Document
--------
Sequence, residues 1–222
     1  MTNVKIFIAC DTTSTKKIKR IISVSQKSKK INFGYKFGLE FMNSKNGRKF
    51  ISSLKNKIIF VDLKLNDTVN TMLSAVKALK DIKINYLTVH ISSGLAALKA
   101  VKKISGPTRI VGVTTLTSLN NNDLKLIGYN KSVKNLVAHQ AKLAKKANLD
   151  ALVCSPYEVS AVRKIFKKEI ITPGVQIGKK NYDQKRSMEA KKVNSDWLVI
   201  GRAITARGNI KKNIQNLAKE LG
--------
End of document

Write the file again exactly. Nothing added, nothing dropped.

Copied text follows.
Sequence, residues 1–222
     1  MTNVKIFIAC DTTSTKKIKR IISVSQKSKK INFGYKFGLE FMNSKNGRKF
    51  ISSLKNKIIF VDLKLNDTVN TMLSAVKALK DIKINYLTVH ISSGLAALKA
   101  VKKISGPTRI VGVTTLTSLN NNDLKLIGYN KSVKNLVAHQ AKLAKKANLD
   151  ALVCSPYEVS AVRKIFKKEI ITPGVQIGKK NYDQKRSMEA KKVNSDWLVI
   201  GRAITARGNI KKNIQNLAKE LG